An important part of having a cosmetic procedure is following the doctor’s pre- and post-care recommendations to the letter. Before, during and after your surgery you’ll want to protect your investment to ensure the best possible result. For facial surgery, sometimes that means putting your other skin care and anti-aging treatments on pause and veering from your regimen. Here, top plastic surgeons share which tools and treatments you can and cannot use before and after facial surgery to ensure the best results.

1/10) Stop Wrinkle-Relaxing Injections

“If you’re having an upper blepharoplasty, you’ll want to get your last neurotoxin treatment no later than three months prior to your surgery so that it has time to wear off,” explains Palo Alto, CA facial plastic surgeon David Lieberman, MD. “However, we often use neurotoxin on browlift patients a month before to weaken the brow depressor muscles and minimize the tension on the lift.”

According to Scottsdale, AZ facial plastic surgeon Kelly Bomer, MD, while wrinkle relaxers are typically recommended to be put on pause, there are some patients that do receive injections three weeks prior to eyelid surgery. “We do this to reduce the eye smile musculature which softens movement around the new incisions and improves healing.”

2/10) Postpone Filler

Chicago plastic surgeon Michael Byun, MD tells his patients to avoid filler injections, especially in the under-eye area before surgery. “It does blunt the target, meaning it fills up the muscle and skin so surgery results can be negatively influenced,” he says. “I also recommend not using the filler dissolver hyaluronidase either, as it lowers the viscosity of the hyaluronic acid which increases tissue permeability. It doesn’t digest the particle, it makes it slippery so it moves away, which can cause irregularities which make lower eye surgery more challenging and unpredictable.”

3/10) Lay Off Lasers

As far as lasers are concerned, New York plastic surgeon Mokhtar Asaadi, MD advises his patients to skip the resurfacing treatment before eye and facial surgery. “They can interfere with healing process and might limit what can be done at the time of surgery,” he cautions.

4/10) Halt Harsh Actives

While continuing a medical-grade skin-care regimen is really important to ensuring your skin looks good after your procedure, Palo Alto, CA facial plastic surgeon Sachin Parikh, MD notes that you can take a break from Retin-A or retinol beforehand as it can be irritating to the skin. “At least five to seven days before the surgery,” he says.

5/10) Skip the Makeup

“Early on after surgery, I advise that patients abstain from using makeup and skin care directly on the surgical sites,” says New York facial plastic surgeon Edward S. Kwak, MD.

“I request patients to refrain from using makeup for two weeks near incisions to prevent irritation or accidental pigmentation,” adds Kirkland, WA facial plastic surgeon Daniel J. Liebertz, MD.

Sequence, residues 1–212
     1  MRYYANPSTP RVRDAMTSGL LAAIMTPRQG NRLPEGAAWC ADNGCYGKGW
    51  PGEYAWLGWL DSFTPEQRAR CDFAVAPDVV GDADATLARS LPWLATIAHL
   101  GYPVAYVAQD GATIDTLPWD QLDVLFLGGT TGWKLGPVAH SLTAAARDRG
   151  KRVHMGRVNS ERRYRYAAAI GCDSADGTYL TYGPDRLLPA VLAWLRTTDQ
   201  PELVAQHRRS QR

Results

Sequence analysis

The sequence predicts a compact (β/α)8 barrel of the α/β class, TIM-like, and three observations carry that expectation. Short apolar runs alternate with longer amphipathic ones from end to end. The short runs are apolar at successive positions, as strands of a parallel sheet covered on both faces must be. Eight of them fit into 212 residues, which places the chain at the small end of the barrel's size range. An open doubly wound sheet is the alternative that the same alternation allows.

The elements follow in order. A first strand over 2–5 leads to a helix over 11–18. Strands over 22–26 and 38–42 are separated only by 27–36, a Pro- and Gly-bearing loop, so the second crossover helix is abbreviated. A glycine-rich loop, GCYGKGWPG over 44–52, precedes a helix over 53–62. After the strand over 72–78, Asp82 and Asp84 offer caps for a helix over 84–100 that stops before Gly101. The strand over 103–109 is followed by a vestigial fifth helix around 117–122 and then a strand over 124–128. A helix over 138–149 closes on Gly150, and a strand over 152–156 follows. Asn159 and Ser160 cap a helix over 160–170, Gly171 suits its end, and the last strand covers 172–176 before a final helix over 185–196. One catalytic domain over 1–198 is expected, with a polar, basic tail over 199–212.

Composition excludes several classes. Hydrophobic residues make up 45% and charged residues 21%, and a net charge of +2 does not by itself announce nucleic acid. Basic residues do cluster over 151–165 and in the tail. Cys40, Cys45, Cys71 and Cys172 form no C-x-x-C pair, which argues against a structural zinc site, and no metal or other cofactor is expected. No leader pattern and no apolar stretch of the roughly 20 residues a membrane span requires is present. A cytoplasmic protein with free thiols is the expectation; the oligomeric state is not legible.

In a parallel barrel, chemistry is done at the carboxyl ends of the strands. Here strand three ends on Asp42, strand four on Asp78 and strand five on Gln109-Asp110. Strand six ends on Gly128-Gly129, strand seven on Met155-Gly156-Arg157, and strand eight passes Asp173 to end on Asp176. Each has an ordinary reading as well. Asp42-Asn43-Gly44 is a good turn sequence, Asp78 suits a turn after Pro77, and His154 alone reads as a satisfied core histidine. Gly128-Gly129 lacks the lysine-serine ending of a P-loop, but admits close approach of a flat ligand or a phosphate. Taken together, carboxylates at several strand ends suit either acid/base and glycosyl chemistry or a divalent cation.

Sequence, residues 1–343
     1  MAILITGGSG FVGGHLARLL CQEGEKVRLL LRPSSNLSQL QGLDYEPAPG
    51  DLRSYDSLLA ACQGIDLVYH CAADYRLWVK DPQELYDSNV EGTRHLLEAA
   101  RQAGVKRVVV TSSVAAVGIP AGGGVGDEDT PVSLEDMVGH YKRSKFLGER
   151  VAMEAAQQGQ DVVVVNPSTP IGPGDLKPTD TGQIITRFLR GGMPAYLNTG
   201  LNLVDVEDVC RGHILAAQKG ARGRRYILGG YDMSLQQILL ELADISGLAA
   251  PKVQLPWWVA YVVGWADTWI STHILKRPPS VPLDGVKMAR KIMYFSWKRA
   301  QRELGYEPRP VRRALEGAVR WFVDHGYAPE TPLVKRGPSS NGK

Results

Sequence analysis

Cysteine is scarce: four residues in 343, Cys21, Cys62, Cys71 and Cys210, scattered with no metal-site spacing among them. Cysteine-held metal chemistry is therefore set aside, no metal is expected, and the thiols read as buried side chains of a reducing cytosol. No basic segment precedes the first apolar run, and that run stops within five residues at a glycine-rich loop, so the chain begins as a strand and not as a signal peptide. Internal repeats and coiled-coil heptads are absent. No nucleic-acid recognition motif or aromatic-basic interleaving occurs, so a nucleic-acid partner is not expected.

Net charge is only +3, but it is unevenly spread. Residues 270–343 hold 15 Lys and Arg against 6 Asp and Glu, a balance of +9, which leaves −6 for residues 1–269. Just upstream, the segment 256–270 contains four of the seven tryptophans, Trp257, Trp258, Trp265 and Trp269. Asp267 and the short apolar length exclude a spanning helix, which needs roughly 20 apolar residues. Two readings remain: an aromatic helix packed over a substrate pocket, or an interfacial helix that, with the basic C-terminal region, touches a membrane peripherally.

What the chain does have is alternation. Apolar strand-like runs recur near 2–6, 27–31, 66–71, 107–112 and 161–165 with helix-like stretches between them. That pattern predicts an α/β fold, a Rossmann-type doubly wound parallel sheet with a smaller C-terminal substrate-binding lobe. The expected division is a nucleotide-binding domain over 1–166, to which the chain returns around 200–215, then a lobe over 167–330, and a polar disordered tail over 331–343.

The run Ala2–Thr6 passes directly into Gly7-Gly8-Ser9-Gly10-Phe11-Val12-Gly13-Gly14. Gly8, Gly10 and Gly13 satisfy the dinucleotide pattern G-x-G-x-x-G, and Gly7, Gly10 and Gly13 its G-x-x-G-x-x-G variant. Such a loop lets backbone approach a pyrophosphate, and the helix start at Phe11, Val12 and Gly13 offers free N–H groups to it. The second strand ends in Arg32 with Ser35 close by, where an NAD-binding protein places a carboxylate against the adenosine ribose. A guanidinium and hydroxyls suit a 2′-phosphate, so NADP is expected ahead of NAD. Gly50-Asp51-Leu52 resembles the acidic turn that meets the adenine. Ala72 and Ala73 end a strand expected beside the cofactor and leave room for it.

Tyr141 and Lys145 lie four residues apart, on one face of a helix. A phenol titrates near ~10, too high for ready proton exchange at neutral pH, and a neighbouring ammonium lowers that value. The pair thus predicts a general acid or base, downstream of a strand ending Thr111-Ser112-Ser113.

6/10) Steer Clear of Shellfish

Arcadia, CA plastic surgeon Arthur Yu, MD notes, “Most people may not know that shellfish is a rich source of amines, which are the precursors of histamine, the very mediator for tissue edema and inflammation.” Dr. Yu recommends avoiding shellfish for at least four months after a facial surgery. “Otherwise, the patient might experience a period of ‘paradoxical’ swelling with no obvious reason,” he says.

7/10) Take a Break from Accutane

Dr. Liebertz says that patients who are using Accutane (isotretinoin) are required to stop the medication for at least six months, and sometimes up to a year, prior to any surgery. “Isotretinoin can cause extremely poor wound healing,” he explains.

8/10) Thumbs Up for At-Home Treatments

When it comes to facial rollers, face masks and LED light therapy, these gentle stimulators are cleared for use before and after surgery. “Prior to facial surgery it is helpful to have healthy hydrated skin,” Dr. Bomer says. “LED light may increase the healing after surgery and would be a recommended boost by most surgeons both pre and post-surgery.”

9/10) Make Time for Microcurrent

Dr. Yu says microcurrent treatments are easy on the skin and are also good to use within reason. “At-home microcurrent is safe to use and you don’t need to wait to use it unless one runs wild with the device leading to too much energy delivered.”

10/10) Full Steam Ahead on Facials

Pampering your skin is a go before and after surgery as long as the treatment is mild. “Aesthetician facials focused on hydration and light exfoliation would help the skin be healthy and plump and in a better position to heal from surgery,” says Dr. Bomer.

“I also recommend a HydraFacial treatment before facial surgery if needed as it is safe to undergo,” adds Dr. Asaadi.

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